IT, vendors scramble to combat phishing

E-mail scams are proliferating, targeting personal data

The rapid growth of so-called phishing scams has left IT managers, industry groups and technology vendors scrambling to deal with the e-mail fraud problem.

A large part of the effort is focused on consumer awareness programs, cross-border law enforcement activities and improvements in information sharing between companies and authorities. But new tools and services that could help companies better detect and respond to such scams are also beginning to emerge.

For example, Cyota Inc., a New York company that offers secure payment services to banks, is beta-testing an antiphishing service that uses a network of probes seeded around the Internet to detect scams, said CEO Naftali Bennet. The technology could also help users apply countermeasures, Bennet added. He said he expects the beta-testing to continue for several months.

Bath, England-based Netcraft Ltd. on Jan. 5 launched a service aimed at detecting and tracking Web sites involved in phishing scams. Envisional Ltd., a Cambridge, England-based provider of antipiracy and online brand protection services, added antiphishing capabilities to its offerings in December. Brightmail Inc. in San Francisco and Cyveillance Inc. in Arlington, Va., have also announced services designed to stop phishing scams.

The goal of phishing is to fool people into parting with personal information such as their credit card, driver's license and bank account numbers. The schemes typically involve e-mails with messages, return addresses, links and branding that appear to come from reputable companies.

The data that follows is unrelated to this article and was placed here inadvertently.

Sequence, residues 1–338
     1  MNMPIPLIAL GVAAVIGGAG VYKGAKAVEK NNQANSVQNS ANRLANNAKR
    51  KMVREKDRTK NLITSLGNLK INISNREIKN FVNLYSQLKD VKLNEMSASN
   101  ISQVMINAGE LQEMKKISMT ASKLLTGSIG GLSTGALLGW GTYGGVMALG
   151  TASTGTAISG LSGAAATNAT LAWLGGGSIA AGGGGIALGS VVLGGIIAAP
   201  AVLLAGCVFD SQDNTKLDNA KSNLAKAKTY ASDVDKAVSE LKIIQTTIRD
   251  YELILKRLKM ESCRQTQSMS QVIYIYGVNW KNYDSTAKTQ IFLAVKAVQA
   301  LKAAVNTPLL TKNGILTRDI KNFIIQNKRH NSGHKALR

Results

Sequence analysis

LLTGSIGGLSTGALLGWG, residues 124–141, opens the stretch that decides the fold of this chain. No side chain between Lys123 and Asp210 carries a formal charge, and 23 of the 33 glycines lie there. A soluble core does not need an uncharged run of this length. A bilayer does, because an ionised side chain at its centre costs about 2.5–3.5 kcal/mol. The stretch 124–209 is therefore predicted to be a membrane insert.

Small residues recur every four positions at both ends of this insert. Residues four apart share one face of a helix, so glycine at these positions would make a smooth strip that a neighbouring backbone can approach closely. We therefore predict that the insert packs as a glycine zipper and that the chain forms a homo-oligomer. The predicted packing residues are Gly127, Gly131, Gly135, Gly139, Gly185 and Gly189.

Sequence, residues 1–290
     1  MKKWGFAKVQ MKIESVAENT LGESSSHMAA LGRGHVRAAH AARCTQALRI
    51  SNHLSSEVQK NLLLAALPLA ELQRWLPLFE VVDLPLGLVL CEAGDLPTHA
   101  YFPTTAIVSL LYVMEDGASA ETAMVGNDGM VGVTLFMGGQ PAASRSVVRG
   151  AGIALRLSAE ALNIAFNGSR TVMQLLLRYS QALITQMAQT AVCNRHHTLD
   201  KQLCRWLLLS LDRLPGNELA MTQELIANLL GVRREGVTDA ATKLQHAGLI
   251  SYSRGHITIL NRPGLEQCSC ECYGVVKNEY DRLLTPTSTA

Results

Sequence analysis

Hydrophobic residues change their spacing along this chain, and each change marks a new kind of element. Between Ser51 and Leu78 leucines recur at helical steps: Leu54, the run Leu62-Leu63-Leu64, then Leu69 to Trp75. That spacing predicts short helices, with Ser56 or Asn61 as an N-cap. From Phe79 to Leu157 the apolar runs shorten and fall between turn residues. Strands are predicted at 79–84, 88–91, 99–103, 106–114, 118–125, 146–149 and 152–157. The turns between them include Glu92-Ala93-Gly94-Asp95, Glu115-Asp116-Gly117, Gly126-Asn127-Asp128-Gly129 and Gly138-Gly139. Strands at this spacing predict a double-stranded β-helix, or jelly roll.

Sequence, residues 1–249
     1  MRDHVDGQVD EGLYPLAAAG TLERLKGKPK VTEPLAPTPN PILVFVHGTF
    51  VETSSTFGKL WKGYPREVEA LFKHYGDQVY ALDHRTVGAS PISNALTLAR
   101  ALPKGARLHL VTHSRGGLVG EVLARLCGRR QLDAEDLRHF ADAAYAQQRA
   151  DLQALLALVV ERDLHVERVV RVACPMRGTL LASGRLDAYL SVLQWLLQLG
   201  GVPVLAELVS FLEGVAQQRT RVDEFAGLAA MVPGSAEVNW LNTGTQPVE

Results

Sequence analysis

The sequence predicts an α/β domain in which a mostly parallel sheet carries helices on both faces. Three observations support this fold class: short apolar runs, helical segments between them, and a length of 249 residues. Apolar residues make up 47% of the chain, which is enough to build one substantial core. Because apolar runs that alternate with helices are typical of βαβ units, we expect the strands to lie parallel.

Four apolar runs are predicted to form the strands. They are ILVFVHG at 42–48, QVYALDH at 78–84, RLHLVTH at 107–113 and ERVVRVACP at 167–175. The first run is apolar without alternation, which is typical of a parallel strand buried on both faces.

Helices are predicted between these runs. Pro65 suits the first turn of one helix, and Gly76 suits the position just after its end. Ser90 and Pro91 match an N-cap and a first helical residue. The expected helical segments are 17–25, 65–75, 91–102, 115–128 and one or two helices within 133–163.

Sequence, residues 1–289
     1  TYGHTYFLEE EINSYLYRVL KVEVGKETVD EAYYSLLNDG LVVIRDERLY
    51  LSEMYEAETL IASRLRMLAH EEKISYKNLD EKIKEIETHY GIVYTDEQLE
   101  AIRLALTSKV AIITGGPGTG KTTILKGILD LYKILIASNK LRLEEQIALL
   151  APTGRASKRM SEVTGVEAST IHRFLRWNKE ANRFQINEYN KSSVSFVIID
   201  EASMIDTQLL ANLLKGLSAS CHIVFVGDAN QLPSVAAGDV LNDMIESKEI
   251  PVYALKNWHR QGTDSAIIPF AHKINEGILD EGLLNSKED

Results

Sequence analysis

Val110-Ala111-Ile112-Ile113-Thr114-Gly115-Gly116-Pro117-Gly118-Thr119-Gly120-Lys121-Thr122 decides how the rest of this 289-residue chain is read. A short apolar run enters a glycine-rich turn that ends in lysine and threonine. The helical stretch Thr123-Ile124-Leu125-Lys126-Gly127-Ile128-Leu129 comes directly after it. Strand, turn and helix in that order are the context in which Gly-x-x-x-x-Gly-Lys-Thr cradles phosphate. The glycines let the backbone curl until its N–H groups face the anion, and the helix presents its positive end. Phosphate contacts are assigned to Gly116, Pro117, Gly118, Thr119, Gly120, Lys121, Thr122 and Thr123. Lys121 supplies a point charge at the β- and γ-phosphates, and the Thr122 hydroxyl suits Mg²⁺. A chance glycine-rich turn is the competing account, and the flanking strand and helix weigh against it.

Last week, for instance, Citibank Inc. and London-based Barclays Bank PLC warned customers to ignore messages urging them to go to spoofed Web sites where they would be asked to provide sensitive data. Phishers have also gone after customers of eBay Inc., PayPal Inc. and other e-commerce companies.

Robert Garigue, the Toronto-based chief information security officer at Bank of Montreal, said that when the bank's customers were targeted by a recent phishing scam, it worked with the Royal Canadian Mounted Police and the FBI to quickly shut down a bogus Web site hosted by a service provider in the U.S. He said cooperation and information sharing are crucial to stemming the phishing problem.

Garigue thinks phishing is on the rise because increased security measures are making it harder for attackers to directly breach enterprise networks. "The consumer has become the weakest link in the trust chain," he said.

Dave Jevans, chairman of the recently formed Anti-Phishing Working Group, said the number of unique phishing scams has grown to about five per day. That compares with an average of 1.5 attacks daily before the holiday season, said Jevans, whose organization has more than 60 members, including financial services companies and IT vendors.

Companies whose names are used in scams can incur "substantial operational costs" if they have to change passwords and PINs for thousands of customers, said Gartner Inc. analyst John Pescatore.

Copyright © 2004 IDG Communications, Inc.

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